Inspired by true events, Bilal: A New Breed of Hero tells the story of a real hero who earned his place in history after liberating himself and inspiring others to do likewise. This Arabic animated feature is intoxicating and beautifully drawn. The animation is textured and multidimensional, almost reminiscent of cutting-edge video game graphics. There similarly exists texture and dimensionality to the main characters and the story, which interweaves the beginnings of Islam with one man’s struggle for equality and freedom. Bilal’s fight for personal independence parallels the continued fight for freedom of religion.
Like so many heroic origin stories that came before (but chronologically after), Bilal’s begins in tragedy. Young Bilal (voiced by Jacob Latimore, “Collateral Beauty”) is playing in the yard with his sister. He is pretend sparring with a wooden sword and bucket-headed adversary. This fictitious fighting is intercut with warriors charging across the dark desert on horses whose eyes glow bright red, foreshadowing the fight to come. In reality, this is young Bilal’s present. Devils raid his village and tragedy inevitably follows.
In the film, much is made of lineage and birthright. Without ties to their own, Bilal and his sister, Ghufaira (voiced by China Anne McClain, “Grown Ups”), are sold into slavery. Bilal’s only remaining link to his mother and his former freedom are the nightmarish dreams and dreamy nightmares during which she speaks to him. To her confused and constrained son, she conveys, “Being a great man means living without chains.” Placing a hand over his heart, she indicates Bilal will never be free as long as he harbors anger, vengeance, and fear. Bilal’s origins are borne out of childhood trauma. His motivations symbolize a new breed governed by love not hate.
The real-life Bilal was known for using his beautiful, melodic voice to call people to their prayers. When given his master’s permission to speak, Bilal finds this voice and his purpose in fighting for justice and equality. By breaking free of his own chains, he strives to liberate and protect others. In front of the master’s many advisers, he arrestingly sings: “Distant shadows / Mother please hide as the sky sends down its tears.” Bilal sends down tears of his own. He doesn’t shy away from his emotions, instead showing his vulnerability and instinct for introspection. For those who look within are awakened. Rather than shutting it out, he allows his pain in. It gives him strength and inspiration as he tries to live up to his mother’s vision of him.
As Bilal (now voiced by Adewale Akinnuoye-Agbaje, “Suicide Squad”) strives to look within, most in his community seek to commune with false gods and idols. Fear compels people to seek refuge in gods as opposed to themselves. For Bilal’s master Umayyah (voiced by Ian McShane, “John Wick: Chapter 2”), bribery and greed eclipse piety and devotion. He views idols like ideals, symbols to be bought and sold. According to Bilal, “I worship whatever empowers me. You worship something that will destroy you.”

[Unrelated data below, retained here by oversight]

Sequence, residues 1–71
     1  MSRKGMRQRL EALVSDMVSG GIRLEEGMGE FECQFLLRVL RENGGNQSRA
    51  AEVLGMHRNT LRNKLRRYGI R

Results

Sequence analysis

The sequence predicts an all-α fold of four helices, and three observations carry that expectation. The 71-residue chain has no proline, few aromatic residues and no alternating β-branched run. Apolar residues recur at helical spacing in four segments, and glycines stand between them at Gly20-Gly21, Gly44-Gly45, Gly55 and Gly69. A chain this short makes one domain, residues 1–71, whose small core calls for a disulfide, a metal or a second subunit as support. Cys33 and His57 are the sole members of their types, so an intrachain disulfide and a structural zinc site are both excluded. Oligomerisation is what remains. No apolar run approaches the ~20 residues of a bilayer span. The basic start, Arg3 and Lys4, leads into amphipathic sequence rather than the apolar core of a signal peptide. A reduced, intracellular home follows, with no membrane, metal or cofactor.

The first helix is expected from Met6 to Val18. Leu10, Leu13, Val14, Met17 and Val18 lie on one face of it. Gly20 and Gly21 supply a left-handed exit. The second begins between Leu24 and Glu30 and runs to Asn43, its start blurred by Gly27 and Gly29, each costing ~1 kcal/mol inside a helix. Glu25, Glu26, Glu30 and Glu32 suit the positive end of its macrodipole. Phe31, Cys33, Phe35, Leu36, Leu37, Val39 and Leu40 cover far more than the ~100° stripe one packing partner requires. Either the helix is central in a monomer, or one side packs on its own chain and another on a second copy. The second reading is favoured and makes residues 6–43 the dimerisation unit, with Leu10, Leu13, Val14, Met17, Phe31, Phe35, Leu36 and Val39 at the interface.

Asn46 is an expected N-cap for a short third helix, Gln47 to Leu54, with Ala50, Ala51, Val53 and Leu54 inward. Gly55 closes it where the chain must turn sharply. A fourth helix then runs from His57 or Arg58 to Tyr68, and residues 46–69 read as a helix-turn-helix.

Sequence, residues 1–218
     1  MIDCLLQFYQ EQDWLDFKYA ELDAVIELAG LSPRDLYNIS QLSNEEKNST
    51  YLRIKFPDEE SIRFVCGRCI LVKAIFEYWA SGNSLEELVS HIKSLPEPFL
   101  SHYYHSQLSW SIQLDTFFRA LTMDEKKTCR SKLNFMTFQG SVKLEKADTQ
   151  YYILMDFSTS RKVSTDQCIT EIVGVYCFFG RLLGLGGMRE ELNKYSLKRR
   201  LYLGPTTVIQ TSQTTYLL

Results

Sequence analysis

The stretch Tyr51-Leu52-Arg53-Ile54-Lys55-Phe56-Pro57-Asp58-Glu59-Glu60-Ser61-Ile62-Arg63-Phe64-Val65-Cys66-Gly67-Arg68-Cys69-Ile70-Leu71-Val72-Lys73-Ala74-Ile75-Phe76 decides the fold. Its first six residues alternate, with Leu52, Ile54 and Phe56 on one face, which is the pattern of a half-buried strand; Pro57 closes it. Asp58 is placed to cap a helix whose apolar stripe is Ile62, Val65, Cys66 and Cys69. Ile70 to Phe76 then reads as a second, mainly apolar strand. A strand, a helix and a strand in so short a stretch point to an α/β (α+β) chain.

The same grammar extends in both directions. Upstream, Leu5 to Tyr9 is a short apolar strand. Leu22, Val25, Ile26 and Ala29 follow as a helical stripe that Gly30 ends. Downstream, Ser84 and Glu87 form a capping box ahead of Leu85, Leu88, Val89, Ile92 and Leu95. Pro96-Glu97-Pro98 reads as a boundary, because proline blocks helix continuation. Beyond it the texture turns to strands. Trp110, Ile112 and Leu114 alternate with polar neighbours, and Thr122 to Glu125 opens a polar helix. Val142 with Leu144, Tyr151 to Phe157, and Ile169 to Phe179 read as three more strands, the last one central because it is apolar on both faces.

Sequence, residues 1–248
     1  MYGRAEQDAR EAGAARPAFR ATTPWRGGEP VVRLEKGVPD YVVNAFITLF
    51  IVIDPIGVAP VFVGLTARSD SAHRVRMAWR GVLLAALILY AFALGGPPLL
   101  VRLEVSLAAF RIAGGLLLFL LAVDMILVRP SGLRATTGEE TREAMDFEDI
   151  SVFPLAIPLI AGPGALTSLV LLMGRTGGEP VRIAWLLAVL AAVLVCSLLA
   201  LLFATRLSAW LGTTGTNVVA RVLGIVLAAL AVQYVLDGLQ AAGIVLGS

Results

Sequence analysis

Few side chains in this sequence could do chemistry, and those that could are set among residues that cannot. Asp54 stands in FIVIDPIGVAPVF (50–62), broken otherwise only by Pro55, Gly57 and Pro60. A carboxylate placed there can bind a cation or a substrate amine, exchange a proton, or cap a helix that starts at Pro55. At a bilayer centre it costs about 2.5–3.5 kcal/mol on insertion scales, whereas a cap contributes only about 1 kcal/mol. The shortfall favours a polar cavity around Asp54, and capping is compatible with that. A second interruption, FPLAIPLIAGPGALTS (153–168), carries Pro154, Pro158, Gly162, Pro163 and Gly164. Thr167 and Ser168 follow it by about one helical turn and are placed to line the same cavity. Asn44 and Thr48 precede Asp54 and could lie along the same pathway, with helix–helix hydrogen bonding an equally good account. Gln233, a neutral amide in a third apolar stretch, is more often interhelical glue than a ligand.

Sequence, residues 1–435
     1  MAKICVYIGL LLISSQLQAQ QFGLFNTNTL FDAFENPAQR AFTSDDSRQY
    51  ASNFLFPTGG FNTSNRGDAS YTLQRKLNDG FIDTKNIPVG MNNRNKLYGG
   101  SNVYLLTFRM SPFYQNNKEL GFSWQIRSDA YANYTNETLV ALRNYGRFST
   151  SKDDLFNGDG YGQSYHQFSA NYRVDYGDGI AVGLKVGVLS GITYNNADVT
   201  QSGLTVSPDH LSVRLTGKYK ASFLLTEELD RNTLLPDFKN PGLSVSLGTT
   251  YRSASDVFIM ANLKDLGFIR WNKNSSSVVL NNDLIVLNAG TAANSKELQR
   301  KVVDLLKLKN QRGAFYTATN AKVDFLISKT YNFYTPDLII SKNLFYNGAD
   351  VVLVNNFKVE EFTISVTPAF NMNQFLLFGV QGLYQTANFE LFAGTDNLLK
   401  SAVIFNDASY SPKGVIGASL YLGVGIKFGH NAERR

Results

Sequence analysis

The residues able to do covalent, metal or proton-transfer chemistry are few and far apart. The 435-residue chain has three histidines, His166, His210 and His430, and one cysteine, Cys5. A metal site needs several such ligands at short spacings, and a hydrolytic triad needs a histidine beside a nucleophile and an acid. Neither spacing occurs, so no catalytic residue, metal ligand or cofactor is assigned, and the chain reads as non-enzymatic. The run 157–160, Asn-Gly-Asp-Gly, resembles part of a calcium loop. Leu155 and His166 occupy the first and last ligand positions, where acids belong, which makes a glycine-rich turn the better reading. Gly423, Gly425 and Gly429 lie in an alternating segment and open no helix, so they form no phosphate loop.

This story is as much about faith as freedom, following one man’s journey to find liberation in and from both. God, or perhaps His absence, is seen in the actions of men. Bilal is ordered to kneel before his master, an act of submission in this context, though seen as devotion in another. When building a gathering place, Bilal carries wooden beams over his shoulder, calling to mind Jesus taking up his cross. While “exiled” in the desert, a eagle is seen snacking on a snake. Later, this same eagle flies over Bilal, who is on horseback riding toward the city. The eagle with its keen eyes symbolizes perspicacity, courage, and fairness. Bilal is the eagle — king of the skies and messenger of the highest gods. When Muhammad announced his prophethood and started to preach the message of Islam, Bilal renounced idol worship and became one of the earliest converts to the faith. Bilal is the messenger and the message, a man held up as an idol, reverent and revered.
The film’s structure is part straightforward Disney-like narrative and part theological text. The narrative ideology, simplified for mass consumption, is elegantly mapped onto Bilal’s true story: Orphaned Bilal and sister are sold into slavery; they are governed by an evil master; Bilal seeks the counsel of a wise, noble mystic (meant to be the Islamic prophet Muhammad); he is tortured for not forsaking his religious beliefs, sold to Abu Bakr, and granted his freedom; a battle-weary warrior teaches him to fight, culminating in an epic battle between good and evil.
The imagery of this battle is quite brutal. As Bilal embraces his vulnerable side, he and the film do not shy away from violence either. Bilal gained freedom with his voice and message, and the film seems to condone the use violence to hang onto that freedom. Though, heroism through violence is antithetical to his mother’s teachings and somewhat muddles the message of Bilal: A New Breed of Hero. In the end, Bilal confronts the dark parts of himself and the world in his effort to banish them with illumination and forgiveness. There will always be shadows in the distance, we must seek out the light.